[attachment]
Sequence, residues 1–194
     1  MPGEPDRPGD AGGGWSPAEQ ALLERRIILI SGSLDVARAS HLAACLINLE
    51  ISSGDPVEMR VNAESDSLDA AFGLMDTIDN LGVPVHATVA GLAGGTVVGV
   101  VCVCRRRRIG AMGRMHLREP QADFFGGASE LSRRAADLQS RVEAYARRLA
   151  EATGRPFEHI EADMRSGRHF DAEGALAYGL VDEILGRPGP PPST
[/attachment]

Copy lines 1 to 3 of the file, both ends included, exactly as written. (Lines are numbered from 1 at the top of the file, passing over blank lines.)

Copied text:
Sequence, residues 1–194
     1  MPGEPDRPGD AGGGWSPAEQ ALLERRIILI SGSLDVARAS HLAACLINLE
    51  ISSGDPVEMR VNAESDSLDA AFGLMDTIDN LGVPVHATVA GLAGGTVVGV